First of all, uh-mazing cover. To be honest, I still don't know why there's a crow-bird in the background, but hey I could have just missed it. This book lies more on the unexplored part of the Dystopian category where everything is back to basics and people are one with nature. Kind of like For Darkness Shows The Stars and that book with the technological girl and hunter boy and he can smell her period and they sleep together? I forgot the title but I liked it. The world is now overrun by a deadly (?) virus/plague and they need the blood of the aboriginal people so the regular people (ehem, us) can survive. First off, wicked government system right here. I mean, harvesting people?! I'm not sure if it's awesome or freaky. My morality is being questioned. But this fact isn't even that expounded on. It just mentioned that Cass's blood (and her family's) was needed for saving the rest of the population. So what do you do when the rest of the world needs your precious plasma cells? You run away, of course! Ha! Those fools. From here, I was wondering "Why won't just she give it?" I mean, not everyone can be like Mother Teresa and give everything but I'm sure they won't kill you. It seemed selfish for her to run away and hide but then again, the government IS harvesting people so that's a big play on wondering how safe they really are. I feel like the author should have explained more at what happened to the people in the Corridor and why the plague existed but I really appreciated the description of the Island. It was as if I were in this magical and dream-like place. Ms. Knutsson gave an amazing prose for this one. I felt like I were there myself smelling the crisp air and seeing the houses. I'd give it a 7.5/10 for general plot background since I think it lacked a bit more grounding but amazing detail on the latter. Oh and strangely, this reminds me of Avatar: The Last Airbender (as in the cartoon series) I don't know why but I think it's the whole feel of the story.
Totally different ball game on the characters, though. I really think that this book focused more on some of the characters than the actual plot which is new, but confusing. I'd appreciate more explaining so as to set a solid structure but I also enjoyed the attention in character building. I'm torn! Hahaha! Anyway, I love how Cassandra, our protag is this sort of scared, brave character. She won't show it, but she's actually pants-pissingly scared and worried about everything. She looks fine and tough on the surface but underneath, she's shaking with fear. I really admire people like her because not everyone can be composed under stress. While others are bawling with fear, she's using all that energy to solve her problems instead. I also like how there was a love triangle but at the same time there wasn't. She liked Bran (which reminds me of muffins) and then there's this obnoxious d-bag who gets up all in her grill. Not cool. There's also the case of annoying, clingy ex-girlfriend Avalon who hates her because she exists (which is stupid but reasonable to a jealous ex). The other characters seemed to play fleeting roles so I'd leave them out. More development could have been done with Bran and Paul and Madda and all the others.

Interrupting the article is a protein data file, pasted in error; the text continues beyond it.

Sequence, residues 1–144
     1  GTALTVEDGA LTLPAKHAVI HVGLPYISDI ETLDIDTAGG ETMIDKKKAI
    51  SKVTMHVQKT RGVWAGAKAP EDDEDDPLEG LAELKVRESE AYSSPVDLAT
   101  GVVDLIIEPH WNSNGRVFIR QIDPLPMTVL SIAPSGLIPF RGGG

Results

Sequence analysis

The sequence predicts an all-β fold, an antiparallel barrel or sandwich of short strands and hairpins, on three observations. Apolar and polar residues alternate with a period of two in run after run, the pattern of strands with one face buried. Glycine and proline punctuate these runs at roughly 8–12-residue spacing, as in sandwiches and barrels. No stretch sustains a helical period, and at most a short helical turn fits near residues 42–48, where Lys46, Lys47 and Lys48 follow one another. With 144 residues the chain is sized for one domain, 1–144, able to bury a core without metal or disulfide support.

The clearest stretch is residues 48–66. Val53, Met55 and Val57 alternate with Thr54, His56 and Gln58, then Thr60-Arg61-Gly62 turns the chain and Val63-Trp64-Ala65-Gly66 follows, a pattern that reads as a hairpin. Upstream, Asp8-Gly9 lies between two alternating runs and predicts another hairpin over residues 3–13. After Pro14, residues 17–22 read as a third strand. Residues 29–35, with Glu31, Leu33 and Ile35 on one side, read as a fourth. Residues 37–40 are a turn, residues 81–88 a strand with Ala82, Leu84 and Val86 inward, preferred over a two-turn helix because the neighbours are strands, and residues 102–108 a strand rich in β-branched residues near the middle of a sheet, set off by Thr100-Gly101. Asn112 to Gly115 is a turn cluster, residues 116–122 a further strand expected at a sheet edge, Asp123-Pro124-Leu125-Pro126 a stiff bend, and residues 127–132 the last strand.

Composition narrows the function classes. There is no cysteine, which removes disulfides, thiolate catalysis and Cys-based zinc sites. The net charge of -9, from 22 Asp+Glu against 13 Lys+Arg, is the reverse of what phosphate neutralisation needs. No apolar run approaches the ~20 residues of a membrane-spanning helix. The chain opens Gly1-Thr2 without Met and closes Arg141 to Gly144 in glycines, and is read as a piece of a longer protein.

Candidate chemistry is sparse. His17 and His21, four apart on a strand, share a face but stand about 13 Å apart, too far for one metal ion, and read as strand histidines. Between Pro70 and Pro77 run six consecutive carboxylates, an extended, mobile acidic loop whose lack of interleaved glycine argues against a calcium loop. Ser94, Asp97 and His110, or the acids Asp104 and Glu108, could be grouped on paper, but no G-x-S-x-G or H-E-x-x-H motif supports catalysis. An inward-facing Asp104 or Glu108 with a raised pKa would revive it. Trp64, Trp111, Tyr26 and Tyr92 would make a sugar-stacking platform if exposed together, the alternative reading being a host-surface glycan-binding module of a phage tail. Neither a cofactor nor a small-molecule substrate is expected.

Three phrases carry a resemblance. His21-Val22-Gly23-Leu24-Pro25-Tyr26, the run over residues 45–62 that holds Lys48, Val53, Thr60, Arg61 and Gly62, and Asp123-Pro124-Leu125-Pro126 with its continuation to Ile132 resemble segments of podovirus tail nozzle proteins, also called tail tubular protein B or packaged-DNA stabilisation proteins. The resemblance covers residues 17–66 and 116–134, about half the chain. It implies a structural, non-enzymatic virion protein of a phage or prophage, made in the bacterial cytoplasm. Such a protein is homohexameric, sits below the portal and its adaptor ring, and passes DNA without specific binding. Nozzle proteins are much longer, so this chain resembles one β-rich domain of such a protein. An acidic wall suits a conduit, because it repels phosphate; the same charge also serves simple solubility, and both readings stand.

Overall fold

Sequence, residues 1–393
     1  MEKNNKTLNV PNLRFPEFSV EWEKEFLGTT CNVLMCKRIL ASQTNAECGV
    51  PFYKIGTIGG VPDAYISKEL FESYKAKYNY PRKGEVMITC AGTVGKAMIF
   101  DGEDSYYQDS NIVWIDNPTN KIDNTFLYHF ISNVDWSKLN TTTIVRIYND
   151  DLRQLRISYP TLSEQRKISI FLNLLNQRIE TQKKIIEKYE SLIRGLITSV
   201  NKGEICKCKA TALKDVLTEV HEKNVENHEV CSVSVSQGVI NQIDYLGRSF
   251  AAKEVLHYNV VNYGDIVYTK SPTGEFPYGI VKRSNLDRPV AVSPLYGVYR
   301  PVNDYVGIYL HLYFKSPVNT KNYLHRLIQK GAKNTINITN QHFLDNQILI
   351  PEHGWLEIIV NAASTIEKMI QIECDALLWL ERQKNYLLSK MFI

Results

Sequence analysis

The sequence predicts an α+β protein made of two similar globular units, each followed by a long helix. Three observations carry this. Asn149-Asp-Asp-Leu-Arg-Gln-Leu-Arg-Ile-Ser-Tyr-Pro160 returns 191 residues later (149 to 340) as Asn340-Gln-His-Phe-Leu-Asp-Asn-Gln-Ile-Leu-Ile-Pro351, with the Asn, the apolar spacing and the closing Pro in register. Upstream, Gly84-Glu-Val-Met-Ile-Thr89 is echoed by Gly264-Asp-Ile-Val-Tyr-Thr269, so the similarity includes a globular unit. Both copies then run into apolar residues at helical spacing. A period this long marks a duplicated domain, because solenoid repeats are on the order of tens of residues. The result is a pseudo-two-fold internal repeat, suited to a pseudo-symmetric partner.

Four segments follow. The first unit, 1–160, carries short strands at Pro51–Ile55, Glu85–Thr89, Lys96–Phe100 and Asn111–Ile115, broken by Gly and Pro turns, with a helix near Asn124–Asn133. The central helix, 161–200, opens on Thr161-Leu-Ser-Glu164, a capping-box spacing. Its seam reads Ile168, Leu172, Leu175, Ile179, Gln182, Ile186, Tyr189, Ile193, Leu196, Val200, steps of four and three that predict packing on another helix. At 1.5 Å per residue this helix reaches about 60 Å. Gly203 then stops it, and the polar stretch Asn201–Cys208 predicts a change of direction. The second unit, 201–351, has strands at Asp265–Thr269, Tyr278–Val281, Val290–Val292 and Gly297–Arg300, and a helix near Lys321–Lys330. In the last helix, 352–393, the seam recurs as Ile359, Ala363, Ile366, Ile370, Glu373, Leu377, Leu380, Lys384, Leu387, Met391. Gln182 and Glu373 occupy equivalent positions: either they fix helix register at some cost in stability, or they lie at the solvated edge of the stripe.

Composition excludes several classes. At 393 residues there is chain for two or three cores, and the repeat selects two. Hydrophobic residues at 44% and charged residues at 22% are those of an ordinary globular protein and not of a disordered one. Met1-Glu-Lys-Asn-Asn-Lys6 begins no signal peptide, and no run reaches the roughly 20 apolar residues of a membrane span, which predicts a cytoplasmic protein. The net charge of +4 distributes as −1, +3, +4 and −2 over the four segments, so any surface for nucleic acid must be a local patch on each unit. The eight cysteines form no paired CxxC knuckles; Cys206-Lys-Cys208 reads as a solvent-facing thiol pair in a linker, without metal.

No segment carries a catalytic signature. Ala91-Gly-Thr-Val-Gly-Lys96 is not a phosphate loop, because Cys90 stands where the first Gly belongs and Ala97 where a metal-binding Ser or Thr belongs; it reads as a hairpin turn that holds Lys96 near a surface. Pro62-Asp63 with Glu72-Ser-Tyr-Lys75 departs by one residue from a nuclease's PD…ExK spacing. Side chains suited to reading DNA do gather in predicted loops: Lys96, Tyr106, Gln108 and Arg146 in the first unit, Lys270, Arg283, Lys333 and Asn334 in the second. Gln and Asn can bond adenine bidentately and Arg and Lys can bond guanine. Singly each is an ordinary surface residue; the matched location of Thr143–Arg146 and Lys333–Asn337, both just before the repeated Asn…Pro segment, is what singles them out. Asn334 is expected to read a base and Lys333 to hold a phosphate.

For me, this book was more about spiritual exploration. Rituals, ceremonies, gods and spirits and all that jazz. It was also like a mini History Channel show about the Aboriginal people and South American, Indian, Pocahontas old-world-ish. I really love history so this definitely gave it major plus points. The only real issues I had was the plot and some major character development but other than that, Ms. Knutsson's writing is amazing. It's very photographic. Her words will have a way of their own in your imagination so be prepared. I'd say this book was slow at the beginning but gained some speed at the end.
Overall, I'd say this book is not for everyone but if you enjoy the mystical being and kick-ass history, and cultural adventures then this is the book for you.